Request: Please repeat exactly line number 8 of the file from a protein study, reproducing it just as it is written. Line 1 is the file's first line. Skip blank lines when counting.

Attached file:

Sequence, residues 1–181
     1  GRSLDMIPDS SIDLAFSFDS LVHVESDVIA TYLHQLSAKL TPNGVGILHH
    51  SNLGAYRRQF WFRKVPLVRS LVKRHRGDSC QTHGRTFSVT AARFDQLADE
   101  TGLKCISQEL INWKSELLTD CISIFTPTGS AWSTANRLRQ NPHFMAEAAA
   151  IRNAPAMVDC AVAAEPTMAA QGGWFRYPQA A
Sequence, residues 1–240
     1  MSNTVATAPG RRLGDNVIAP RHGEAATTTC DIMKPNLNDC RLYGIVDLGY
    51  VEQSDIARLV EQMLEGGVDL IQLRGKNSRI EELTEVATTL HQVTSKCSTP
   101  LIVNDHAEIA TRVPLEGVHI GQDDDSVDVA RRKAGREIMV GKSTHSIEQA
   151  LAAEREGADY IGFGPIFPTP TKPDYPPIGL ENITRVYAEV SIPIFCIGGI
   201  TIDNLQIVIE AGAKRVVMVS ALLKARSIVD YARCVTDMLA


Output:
    51  VEQSDIARLV EQMLEGGVDL IQLRGKNSRI EELTEVATTL HQVTSKCSTP